world auto

Retrospective: Early days of simulcast auto auctions

CARY, N.C.  – 

Particularly in the COVID-19 era, the importance and growing presence of simulcast auction sales cannot be overstated. From corporate giants to independents, the ability to simulcast is a necessity in the tool belt of an auto auction. 
 

Digital-leaning wholesale may now be ubiquitous, but it has been years — decades, even — in the making. 

 

In fact, Monday marks the 25th anniversary of what ServNet has said was the first-ever auto auction sale to be simulcasted.

 

That sale happened at State Line Auto Auction in Waverly, N.Y. 

 

 “400 vehicles were offered that day, and 400 were sold. 125 bidders were in attendance on the floor, and 15 bidders chose to stay at their respective dealerships and bid remotely,” State Line owner Jeff Barber said in a news release. “Forty-five cars were purchased electronically by these remote bidders. At the time, all of us at State Line felt that we were involved in something ground breaking, one that would shape the future of the auto auction industry. Looking back now, we all realize we were right!”  

 

In light of the 25th anniversary of this sale, below you will find an Auto Remarketing feature from August 2015 about that sale.

 

It is late summer 1995 in New York City — one year before its Yankees reignited their baseball dynasty and won their first of four World Series in five years, one year after its Rangers reached hockey’s mountaintop and its Knicks got oh-so-close in basketball.

And meeting in the singles finals of the U.S Open tennis tournament in the city that summer are, arguably, some of the generation’s greatest stars: Pete Sampras beating Andre Agassi in the men’s final, Steffi Graf defeating Monica Seles in the women’s.

What, you might ask, does that have to do with remarketing?

Not a whole lot, other than this: 

Some of the satellite trucks at that 1995 tennis tournament in Queens would end up, weeks later and some 200-plus miles to the northwest, playing a pivotal role in what is described by at least one account as being the first car ever sold via simulcast.

Executive meeting sparks interest

ServNet has shared an account of the events that happened Oct. 12, 1995 at State Line Auto Auction in Waverly, N.Y.

A few months before that sale, the group’s report says, ServNet’s then-executive director Harry Beyer introduced Campus Group Companies chief executive officer Steve Campus to the auction group.

Campus had technologies that he felt auctions could use; for instance, there was a device that let conference attendees vote electronically, and then those votes could be tabulated. 

 

A large pharmaceutical company was a client of the Campus Group and wanted physicians to be able to use the technology in real time. In essence, doctors at separate conferences could all vote their opinions at the same time. The Campus Group utilized satellite technology to accomplish this.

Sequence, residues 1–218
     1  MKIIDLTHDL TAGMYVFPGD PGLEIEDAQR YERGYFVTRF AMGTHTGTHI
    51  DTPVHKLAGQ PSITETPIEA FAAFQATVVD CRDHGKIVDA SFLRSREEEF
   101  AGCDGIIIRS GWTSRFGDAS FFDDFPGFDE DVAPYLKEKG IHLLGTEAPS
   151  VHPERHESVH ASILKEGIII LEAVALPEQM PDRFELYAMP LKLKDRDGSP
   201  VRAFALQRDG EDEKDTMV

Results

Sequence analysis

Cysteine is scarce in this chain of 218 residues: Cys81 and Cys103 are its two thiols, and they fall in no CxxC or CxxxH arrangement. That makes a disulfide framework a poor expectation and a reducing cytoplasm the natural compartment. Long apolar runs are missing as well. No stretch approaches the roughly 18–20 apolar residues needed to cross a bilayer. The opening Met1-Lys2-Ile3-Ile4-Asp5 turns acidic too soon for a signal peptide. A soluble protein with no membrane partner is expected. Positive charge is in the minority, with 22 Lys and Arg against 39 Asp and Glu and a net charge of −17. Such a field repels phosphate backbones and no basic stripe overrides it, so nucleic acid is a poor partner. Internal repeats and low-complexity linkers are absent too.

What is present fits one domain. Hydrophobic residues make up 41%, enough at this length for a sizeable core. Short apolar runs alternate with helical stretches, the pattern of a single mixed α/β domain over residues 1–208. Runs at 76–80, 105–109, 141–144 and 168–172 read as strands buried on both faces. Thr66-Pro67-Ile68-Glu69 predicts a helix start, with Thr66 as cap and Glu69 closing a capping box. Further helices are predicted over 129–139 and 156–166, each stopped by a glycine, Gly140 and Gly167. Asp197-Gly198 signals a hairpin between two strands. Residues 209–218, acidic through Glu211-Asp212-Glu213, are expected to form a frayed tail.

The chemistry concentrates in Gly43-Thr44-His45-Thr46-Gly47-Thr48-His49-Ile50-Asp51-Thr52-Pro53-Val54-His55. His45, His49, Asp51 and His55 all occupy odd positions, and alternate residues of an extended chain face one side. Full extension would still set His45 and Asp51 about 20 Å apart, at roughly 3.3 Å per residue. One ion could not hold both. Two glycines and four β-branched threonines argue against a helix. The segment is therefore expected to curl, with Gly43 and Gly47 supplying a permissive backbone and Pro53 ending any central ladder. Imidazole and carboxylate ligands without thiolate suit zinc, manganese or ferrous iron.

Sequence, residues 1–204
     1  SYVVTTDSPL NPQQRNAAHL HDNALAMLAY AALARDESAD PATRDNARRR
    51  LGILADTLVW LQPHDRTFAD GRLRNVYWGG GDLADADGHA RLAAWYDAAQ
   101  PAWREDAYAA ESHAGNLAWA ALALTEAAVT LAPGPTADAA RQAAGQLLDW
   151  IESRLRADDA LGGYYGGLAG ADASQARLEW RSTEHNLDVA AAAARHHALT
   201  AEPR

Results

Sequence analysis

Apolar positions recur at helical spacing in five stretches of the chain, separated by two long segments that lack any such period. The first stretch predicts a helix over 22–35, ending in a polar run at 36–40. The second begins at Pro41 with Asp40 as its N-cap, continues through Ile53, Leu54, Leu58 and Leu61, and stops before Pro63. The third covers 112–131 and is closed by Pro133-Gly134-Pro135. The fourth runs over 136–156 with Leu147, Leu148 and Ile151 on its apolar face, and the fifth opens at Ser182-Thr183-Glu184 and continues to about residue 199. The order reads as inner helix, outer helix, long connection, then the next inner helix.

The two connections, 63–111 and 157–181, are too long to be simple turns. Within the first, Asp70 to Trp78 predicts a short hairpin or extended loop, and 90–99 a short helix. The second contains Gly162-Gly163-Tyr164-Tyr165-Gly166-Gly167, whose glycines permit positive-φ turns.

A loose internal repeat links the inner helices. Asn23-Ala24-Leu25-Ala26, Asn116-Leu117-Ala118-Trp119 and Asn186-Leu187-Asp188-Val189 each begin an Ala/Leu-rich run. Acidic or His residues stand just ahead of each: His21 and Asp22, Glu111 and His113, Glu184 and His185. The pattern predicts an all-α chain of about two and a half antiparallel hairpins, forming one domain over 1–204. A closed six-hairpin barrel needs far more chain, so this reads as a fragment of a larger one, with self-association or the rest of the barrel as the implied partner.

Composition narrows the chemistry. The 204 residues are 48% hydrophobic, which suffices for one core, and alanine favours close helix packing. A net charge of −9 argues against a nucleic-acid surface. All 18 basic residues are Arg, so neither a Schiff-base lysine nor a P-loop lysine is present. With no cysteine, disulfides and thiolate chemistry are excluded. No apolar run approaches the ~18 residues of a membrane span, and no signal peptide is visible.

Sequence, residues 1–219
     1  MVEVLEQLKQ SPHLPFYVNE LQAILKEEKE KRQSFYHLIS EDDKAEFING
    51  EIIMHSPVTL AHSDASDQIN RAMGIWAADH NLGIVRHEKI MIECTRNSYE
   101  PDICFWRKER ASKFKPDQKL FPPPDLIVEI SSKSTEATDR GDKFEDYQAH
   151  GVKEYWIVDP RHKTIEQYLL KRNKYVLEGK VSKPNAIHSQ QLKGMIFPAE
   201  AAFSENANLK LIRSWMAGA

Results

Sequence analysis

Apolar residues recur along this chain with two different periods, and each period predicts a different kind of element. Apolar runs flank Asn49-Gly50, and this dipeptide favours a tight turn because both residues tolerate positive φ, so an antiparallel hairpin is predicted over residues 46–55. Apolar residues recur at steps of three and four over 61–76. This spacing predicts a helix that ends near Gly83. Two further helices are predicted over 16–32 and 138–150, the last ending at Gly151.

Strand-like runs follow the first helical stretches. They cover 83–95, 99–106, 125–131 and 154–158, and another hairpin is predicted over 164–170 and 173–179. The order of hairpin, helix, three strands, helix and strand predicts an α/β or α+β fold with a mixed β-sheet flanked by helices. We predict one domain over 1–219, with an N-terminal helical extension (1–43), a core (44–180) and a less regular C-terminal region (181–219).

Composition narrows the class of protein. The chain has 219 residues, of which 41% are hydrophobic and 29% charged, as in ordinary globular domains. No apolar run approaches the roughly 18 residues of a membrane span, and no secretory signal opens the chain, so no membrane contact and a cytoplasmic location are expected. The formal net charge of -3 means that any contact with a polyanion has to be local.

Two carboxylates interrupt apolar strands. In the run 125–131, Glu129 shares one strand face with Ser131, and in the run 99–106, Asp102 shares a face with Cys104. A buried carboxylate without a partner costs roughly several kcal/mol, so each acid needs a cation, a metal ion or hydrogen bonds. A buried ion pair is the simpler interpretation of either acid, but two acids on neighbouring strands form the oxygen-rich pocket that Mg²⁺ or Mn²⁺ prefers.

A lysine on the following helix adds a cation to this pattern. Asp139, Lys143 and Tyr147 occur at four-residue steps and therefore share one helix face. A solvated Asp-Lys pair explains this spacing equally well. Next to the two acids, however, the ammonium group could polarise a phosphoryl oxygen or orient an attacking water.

Campus thought this might be useful for the auction business, as well, so he presented this to the ServNet group.

Jeff Barber, the owner of State Line Auto Auction, decided to give it a shot, as long as there was interest in the product.

With State Line having been a GM Sponsored Auction since 1989, Barber and Beyer approached then-GM Remarketing director Ford Sims, who gave them the greenlight to use this satellite technology at one of their sales.

Plan moves forward

Some serendipity in all of this: there were already satellite dishes available at GM dealerships, who would be the folks actually bidding at the sale. These stores used them for their parts departments, the story goes. 

With this in play, the auction’s sales and marketing team sought out permission to use this existing equipment for remote bidding.

This foundation of the idea bubbled into a project: GM could hold a closed auction, and allow dealers who weren’t present in the actual lanes in Waverly to bid on cars remotely at the same time the sale was happening.

The report explains the technology involved in the project worked like this: Live video was streamed via satellite and audio was streamed through a phone bridge in Kansas. No Internet was involved.

And the satellite trucks transmitting that video signal? Those were the ones that had come from the aforementioned U.S. Open.

Results of sale & legacy

State Line included 400 vehicles at its sale that day, all of which sold. There were 125 bidders who were in the lanes at Waverly, with 15 bidders who chose to test out this new remote bidding from their respective dealerships.

Thirteen of those 15 ended up buying at least one car remotely, and they combined to purchase 45. The first was sold to Farnsworth Chevrolet of Canandaigua, N.Y., which ended up purchasing eight remotely that day.  Bob Johnson Chevrolet purchased 12.

So how has the industry been impacted some 20 years later?

Consider this: in 2014, 17.9 percent of auction sales were Internet-based, according to the 2014 NAAA Annual Review.  

Simulcast alone had a 13.8-percent share.

And for the record, Sampras and Graf happened to win a few more Grand Slam titles in the years since.

The Knicks, well, their time is coming.

 

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